#1
I've been practicing ear training and have downloaded a program to help me with but I'm not getting it. Are there any good tips for practicing ear training? I've made no progress besides understanding what C and D sound like, and I knew that before I practiced that. I could practice for an hour, but then after stopping for a few minutes and trying again, I end up getting nothing it and messing up with anything but C and D.

Are there any tips or something? How does everyone get ear training so well?
#2
Mastering absolute pitch is hard. The purpose of ear training is to develop relative pitch, stuff like recognizing chords, intervals, scales, cadences, stuff like that. You can go to

www.musictheory.net (under trainers)
www.trainear.com
A program called GNU Solfege, if you don't want to go online all the time
Transcribe songs

and others and work out that ear. Trying to remember a definite pitch takes a lot of time. I can recognize an A note, but that's just tuning conditioning.
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Last edited by SilverDark at Feb 1, 2009,
#3
Do you need to master absolute pitch in order to develop intervals? I just started learning music theory but got discouraged about it starting with intervals, so I decided to train my ear instead before practicing intervals, but even that is hard.

I could remember what an E or an A sounds like based on hearing an open guitar string, or a G chord, that kind of stuff, but if I heard it in a song or even just a single note on a piano I might not get it.
#4
...wha?

absolute pitch is recognizing a note.

Relative pitch is recognizing... like, the spaces between notes (a chord, interval). Both related, but different concepts.

An interval is the space between two notes. Recognizing intervals, no, developing relative pitch will help you in the long run.

Besides, the theory behind them is much easier to learn than hearing them out. Maybe... a week to learn what they are, 3 months to learn how they sound? I'm thinkin more, perhaps, don't know.
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Last edited by SilverDark at Feb 1, 2009,
#5
Don't buy the david l. burge perfect pitch course. I'll sum it up here and now, at the risk of copyright infringement:

1. Play an F#. Hear how it makes a high pitched "whiiirr" sound, even on the bass strings?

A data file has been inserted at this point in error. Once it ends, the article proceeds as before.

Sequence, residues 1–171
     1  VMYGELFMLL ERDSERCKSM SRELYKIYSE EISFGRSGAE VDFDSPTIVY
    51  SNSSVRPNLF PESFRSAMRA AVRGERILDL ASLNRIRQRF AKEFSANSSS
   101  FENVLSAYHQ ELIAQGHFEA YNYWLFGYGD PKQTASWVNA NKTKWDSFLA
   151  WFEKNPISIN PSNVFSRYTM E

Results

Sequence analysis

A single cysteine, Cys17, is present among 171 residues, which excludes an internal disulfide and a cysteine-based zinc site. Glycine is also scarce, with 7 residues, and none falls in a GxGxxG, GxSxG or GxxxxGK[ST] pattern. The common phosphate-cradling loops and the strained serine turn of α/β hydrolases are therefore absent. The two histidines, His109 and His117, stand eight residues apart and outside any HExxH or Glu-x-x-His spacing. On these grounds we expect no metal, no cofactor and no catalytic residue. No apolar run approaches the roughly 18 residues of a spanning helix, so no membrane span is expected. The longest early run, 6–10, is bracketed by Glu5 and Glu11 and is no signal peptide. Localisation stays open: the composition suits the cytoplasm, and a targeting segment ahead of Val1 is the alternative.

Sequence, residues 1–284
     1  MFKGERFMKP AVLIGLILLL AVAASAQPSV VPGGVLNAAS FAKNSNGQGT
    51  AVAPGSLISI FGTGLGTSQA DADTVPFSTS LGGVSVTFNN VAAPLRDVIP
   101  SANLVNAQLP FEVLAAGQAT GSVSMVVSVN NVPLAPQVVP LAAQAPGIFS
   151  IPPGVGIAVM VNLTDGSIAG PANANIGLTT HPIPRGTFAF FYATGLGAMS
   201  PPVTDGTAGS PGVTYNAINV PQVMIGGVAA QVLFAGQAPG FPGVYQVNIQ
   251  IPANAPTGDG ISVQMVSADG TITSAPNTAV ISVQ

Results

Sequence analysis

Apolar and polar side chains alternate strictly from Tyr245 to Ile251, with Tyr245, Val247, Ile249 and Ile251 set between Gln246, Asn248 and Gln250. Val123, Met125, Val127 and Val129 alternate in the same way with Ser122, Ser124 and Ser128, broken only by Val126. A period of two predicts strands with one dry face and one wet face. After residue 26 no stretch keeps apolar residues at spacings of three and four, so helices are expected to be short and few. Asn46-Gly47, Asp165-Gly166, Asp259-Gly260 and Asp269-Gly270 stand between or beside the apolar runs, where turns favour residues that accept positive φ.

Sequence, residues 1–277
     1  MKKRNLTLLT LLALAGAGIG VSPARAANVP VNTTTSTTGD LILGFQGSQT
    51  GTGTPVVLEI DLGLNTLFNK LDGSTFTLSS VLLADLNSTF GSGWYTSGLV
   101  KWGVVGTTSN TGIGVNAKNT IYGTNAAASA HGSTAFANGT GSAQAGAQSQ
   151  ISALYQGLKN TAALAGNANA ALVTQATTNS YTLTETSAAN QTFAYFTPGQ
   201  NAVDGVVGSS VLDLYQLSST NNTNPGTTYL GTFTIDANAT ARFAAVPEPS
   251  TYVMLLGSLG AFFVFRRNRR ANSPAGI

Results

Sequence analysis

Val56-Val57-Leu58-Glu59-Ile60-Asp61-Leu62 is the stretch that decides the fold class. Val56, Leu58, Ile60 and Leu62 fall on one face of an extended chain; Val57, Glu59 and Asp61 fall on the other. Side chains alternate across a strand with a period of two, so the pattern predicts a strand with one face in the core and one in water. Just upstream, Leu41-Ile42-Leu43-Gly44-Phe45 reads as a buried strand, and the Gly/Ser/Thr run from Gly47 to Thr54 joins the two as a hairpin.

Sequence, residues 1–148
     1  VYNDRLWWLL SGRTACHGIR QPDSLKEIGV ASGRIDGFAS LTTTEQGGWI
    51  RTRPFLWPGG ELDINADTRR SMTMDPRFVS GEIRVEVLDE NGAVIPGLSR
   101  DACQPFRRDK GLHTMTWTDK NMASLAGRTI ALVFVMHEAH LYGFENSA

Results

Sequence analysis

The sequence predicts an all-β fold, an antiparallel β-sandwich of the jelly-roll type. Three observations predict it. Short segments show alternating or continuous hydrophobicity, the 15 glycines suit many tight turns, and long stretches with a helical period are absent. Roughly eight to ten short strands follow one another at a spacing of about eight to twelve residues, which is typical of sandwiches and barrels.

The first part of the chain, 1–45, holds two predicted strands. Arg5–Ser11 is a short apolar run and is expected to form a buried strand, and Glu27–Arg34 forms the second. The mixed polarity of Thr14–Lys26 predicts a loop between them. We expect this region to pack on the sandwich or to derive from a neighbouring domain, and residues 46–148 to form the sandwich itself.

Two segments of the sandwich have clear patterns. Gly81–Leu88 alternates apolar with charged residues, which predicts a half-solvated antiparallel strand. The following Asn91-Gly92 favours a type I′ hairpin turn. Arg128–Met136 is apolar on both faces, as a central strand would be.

2. Play an Eb. Hear how it makes a much duller tone, like a "huuumm", even on the treble strings?
3. Add a note. Make your own conclusion about how it sounds. Buy my relative pitch course.
4. When you get comfortable with those three, add another. Make your own conclusion on how it sounds. Check out my relative pitch course.
5. when you get comfortable with those four, add another. Make your own conclusion on how it sounds. In addition to perfect pitch, work on relative pitch. Buy my course.
6. I'm sure you see the pattern.

A dozen tapes to say that. It is by far and away the number one most worthless piece of crap instructional i have ever seen. Even advanced videos with some guy playing with no explanation is better.

It's even more worthless than the carlton sheets real estate course.

Besides, science is not exactly sure absolute pitch can be learned. Some argue its a talent you are born with or not.
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Last edited by millerdrr at Feb 1, 2009,
#6
^^ absolute pitch can be learned.

It's just like eyes, it's just that you use your eyes for 90% of the stuff in ur life. (Work, walking somewhere, recognising someone, doing overall stuff, road sings etc. etc. you get my point)


You aren't born with true sight either.

Take twins for example. If you see random twins somewhere, you can't distinguish them, but over time they aren't looking that similar, and you can spot em very well.

If you see them together and you see the difference, then it's relative, but if you see em individually, you can still recognise them. (Which would be "true/absolute" sight)

It's just that the part of the brain's that filters info through sight, takes over(becomes dominant), and the part of ur brain that filters info on sound gets neglected.

Same with someone talking.

If you hear someone talking in Chinese, every word sounds roughly the same (At least to my ears)

(take the stereotypical response of, yo dude talk Chinese;' hang sne wang ching chong') or something like that.

If you learn chinese however, you hear all the difference, and no word sound the same.


To summ it all up; I disagree with science. I think it's very much possible to learn to recognise true pitch.

The question here is, does everyone have the ability to open up the links in their brain to recognise true pitch. This is debatable.

So yes technically you could be born with true pitch, but this is misleading. Someone is just born with his mind links opened up to have the aural filter just as potentially open as the "Sight" filter.

Excuse me if some parts are hard to follow, my main language is Dutch not english, thank you.

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Last edited by xxdarrenxx at Feb 2, 2009,
#7
^fair point. But that particular course was completely worthless for me.

And your English is superb.
Bluegrass Rocks

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Quote by Basti95
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Rats, I thought someone would sig it and make me famous...

it was going to be my big break

#8
I do it by association - don't just learn songs, learn how they're constructed. Consciously look for intervals in all music, even stuff you don't play and make the extra effort to associate the sound with the name of the note, chord or interval